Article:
Forns J, Danysh HE, McQuay LJ, Turner ME, Dempsey C, Anthony MS, Demos G, Layton JB. Clinical outcomes and treatment patterns of older adults with dementia‑related psychosis by dementia type in the United States. BMC geriatr. 2022 Oct 6;22(1):784. doi: 10.1186/s12877-022-03489-3.

BACKGROUND: Little is known about the incidence of clinical events and treatment patterns among older adults with dementia-related psychosis. Given that dementia-related psychosis comprises various dementia types, this study describes the incidence of clinical events and treatment patterns by dementia type after patients with dementia are diagnosed with psychosis.

METHODS: Adults aged ≥ 65 years with dementia and newly diagnosed with psychosis were identified in US Medicare claims during 2013-2018. Baseline characteristics were evaluated at the time of the psychosis diagnosis. After the initial psychosis diagnosis, incidence rates (IRs) of clinical events (e.g., falls/fractures, infections, healthcare utilization), mortality, and patterns of antipsychotic treatment were described for each dementia type (Alzheimer's disease [AD], Parkinson's disease dementia [PDD], dementia with Lewy bodies [DLB], frontotemporal dementia [FTD], vascular dementia [VD], and unspecified dementia). Daily mean cumulative counts were estimated to describe the incidence of recurrent events over time. Mortality was described using Kaplan-Meier survival curves.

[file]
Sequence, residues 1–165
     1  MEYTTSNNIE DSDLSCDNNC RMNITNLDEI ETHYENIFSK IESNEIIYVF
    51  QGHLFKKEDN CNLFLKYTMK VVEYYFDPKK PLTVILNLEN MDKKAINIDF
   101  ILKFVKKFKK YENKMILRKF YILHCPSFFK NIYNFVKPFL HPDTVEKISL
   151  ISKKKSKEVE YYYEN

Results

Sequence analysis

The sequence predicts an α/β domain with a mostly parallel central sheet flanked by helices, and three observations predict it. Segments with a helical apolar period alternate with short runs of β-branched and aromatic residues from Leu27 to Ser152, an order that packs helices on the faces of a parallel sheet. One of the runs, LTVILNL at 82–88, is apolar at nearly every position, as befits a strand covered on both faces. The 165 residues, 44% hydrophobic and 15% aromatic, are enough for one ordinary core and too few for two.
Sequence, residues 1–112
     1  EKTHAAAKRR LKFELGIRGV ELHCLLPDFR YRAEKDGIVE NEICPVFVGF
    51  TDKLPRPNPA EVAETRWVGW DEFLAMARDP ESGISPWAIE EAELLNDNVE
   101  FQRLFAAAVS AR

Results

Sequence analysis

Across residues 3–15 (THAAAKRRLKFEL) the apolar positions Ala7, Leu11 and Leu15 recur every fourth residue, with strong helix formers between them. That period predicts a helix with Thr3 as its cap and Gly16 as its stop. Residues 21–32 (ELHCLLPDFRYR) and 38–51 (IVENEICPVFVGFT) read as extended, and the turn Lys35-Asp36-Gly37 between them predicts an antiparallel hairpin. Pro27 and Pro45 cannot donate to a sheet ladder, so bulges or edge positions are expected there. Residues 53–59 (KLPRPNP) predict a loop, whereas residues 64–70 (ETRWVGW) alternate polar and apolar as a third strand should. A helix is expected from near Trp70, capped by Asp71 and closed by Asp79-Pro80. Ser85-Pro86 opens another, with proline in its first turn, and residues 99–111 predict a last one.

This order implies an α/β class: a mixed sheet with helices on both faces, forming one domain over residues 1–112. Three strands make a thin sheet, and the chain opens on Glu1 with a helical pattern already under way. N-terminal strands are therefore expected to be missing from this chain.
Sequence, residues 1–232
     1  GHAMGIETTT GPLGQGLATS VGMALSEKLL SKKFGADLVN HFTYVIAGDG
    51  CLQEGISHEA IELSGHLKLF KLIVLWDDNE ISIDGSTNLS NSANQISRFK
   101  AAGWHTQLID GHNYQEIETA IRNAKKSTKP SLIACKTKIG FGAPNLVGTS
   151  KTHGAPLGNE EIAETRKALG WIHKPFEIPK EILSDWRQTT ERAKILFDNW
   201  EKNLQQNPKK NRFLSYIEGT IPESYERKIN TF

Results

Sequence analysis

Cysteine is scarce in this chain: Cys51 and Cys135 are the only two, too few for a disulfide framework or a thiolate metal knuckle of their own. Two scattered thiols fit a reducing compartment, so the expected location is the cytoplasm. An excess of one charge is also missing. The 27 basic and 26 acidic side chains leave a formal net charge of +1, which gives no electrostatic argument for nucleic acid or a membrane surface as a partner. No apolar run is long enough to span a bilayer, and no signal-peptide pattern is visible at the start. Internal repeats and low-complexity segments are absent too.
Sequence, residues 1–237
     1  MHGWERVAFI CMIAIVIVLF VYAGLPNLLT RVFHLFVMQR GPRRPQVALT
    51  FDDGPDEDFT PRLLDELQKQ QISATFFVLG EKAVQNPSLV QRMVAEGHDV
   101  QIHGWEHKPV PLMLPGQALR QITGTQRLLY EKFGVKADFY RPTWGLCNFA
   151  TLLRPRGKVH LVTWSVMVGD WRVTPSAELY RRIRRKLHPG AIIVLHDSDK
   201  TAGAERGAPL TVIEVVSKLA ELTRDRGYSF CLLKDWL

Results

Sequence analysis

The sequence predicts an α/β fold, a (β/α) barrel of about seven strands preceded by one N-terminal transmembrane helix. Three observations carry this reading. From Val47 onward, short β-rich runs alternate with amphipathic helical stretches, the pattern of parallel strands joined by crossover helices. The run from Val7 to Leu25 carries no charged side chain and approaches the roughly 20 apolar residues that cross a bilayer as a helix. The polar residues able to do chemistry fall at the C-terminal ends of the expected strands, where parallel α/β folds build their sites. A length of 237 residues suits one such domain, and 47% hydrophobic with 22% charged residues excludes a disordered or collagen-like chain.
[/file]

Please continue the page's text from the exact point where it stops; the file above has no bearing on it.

RESULTS: We identified 484,520 patients with dementia-related psychosis: mean age, 84 years (standard deviation, 7.8); female, 66%. At the time of psychosis diagnosis, the most prevalent type of dementia was unspecified dementia (56%), followed by AD (31%), VD (12%), PDD (10%), DLB (3%), and FTD (< 1%), and most patients had scores indicating severe illness on the Charlson Comorbidity Index (71%) and frailty index (62%). Across all dementia types, IRs (per 100 person-years) were high for emergency department visits, oral anti-infective use, and urinary tract infections after the initial psychosis diagnosis. Patients with DLB had the highest incidence of most clinical outcomes. After 1 year of follow-up, the cumulative probability of death was about 30% for all dementia types, and after 5 years, was about 80% among patients with DLB, VD, AD, or PDD and about 60%-65% among patients with FTD or unspecified dementia.

CONCLUSIONS: Patients with dementia-related psychosis had a high burden of comorbidities, frailty, emergency department visits, infections, and death. Specifically, after DRP diagnosis, patients with DLB and VD had the highest burden of clinical events of interest.

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